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What is sannyasa?

Sannyasa, or “renunciation,” is often portrayed as a holy life free of duties and responsibilities in order to focus on the ultimate objective—moksha (liberation). Traditionally, sannyasa is the monk’s lifestyle, one in which worldly objects and relationships are given up, and poverty and chastity are the accepted rule. However, there’s more to it, and just putting on orange robes doesn't make one a sannyasi.

There are two kinds of sannyasa. The first one, vidvat-sannyāsa, is about becoming a renunciate after knowing and assimilating the truth. As a result of Self-inquiry, the wise (jñanis) have given up wrong ideas about their identity. They have cognitively resolved erroneous concepts they had about the world and who/what they are. In the case of vidvat-sannyasa, there is no sannyasa to take. Vidvat-sannyasa requires no outward modifications to one’s mode of living, because it’s simply a byproduct of realizing and actualizing the Self. It’s said that vidvat-sannyasa is the culmination of someone having lived through all of life’s stages, including gaining and actualizing the right knowledge, and fulfilling their human purpose (gaining moksha).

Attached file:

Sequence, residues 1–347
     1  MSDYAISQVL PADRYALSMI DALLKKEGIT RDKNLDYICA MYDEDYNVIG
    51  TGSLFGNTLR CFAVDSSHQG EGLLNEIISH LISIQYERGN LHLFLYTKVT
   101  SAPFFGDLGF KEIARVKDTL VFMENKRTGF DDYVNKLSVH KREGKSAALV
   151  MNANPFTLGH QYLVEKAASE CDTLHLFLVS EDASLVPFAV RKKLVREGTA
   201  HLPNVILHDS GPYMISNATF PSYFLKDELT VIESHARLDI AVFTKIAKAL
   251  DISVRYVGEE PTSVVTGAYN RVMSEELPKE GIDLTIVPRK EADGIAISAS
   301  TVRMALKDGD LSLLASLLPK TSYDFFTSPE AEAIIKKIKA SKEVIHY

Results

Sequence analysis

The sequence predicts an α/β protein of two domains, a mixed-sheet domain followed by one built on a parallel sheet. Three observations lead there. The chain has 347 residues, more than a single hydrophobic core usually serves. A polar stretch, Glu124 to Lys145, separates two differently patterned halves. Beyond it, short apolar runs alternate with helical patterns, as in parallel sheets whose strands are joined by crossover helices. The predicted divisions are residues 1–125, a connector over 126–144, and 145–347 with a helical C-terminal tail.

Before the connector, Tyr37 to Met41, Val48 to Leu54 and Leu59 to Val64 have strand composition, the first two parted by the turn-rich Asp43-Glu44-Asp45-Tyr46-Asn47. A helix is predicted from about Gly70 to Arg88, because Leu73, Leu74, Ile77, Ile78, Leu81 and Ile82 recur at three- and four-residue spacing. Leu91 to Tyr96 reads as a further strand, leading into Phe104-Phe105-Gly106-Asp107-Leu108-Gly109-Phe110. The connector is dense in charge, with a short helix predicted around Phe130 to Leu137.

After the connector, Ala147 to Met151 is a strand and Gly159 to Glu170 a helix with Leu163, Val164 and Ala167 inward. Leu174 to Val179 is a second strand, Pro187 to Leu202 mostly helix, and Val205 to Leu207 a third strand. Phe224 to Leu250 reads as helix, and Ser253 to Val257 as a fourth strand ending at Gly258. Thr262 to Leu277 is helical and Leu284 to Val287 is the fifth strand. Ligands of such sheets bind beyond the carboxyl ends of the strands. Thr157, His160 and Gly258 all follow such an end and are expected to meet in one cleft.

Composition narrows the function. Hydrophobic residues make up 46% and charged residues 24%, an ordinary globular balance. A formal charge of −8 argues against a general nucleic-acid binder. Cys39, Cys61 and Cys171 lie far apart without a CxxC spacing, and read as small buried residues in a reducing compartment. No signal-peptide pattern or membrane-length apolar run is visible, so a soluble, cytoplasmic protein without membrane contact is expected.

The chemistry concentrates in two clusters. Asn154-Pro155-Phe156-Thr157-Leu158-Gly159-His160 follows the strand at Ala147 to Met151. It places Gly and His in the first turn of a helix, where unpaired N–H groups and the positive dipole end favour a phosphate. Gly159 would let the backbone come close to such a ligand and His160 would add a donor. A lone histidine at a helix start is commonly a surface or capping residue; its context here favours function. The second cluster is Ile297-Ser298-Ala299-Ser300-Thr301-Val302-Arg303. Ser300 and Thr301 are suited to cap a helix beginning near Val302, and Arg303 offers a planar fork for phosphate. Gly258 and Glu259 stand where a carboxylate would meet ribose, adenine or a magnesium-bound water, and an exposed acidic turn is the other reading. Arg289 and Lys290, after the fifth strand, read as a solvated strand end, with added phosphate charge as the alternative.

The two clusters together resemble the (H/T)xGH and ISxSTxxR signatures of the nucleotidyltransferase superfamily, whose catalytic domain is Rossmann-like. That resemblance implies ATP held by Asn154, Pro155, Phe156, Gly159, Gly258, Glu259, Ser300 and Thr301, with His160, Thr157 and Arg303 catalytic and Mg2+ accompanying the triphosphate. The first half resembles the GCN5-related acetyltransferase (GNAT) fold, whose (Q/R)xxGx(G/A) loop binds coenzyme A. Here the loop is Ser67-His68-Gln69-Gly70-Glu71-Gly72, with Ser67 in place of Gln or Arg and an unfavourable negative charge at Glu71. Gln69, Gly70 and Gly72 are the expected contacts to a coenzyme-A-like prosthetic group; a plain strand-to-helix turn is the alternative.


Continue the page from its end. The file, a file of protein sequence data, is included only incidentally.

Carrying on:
Vividisha-sannyasa (vividiṣā-sannyāsa), on the other hand, is what’s more commonly known as “putting on the robes” or “taking sannyasa.” It includes a formal lifestyle commitment to the pursuit and obtainment of Self-knowledge, and in doing so, a foregoing of relationships and outside interests. Vividisha means “desire to know.” This is the austere lifestyle of monks and nuns who become a renunciate before knowing and assimilating the truth. Vividisha sannyasis are free of duties and social obligations, and dependent on other individuals for their basic needs who value their dedication to gaining and disseminating the truth. In this way, it is very much a community-supported sannyasa. Nevertheless, both vidvat- and vividisha-sannyasa are marked by fearlessness, detachment, and a seeking of the truth. Both may also include service, usually in the form of teaching.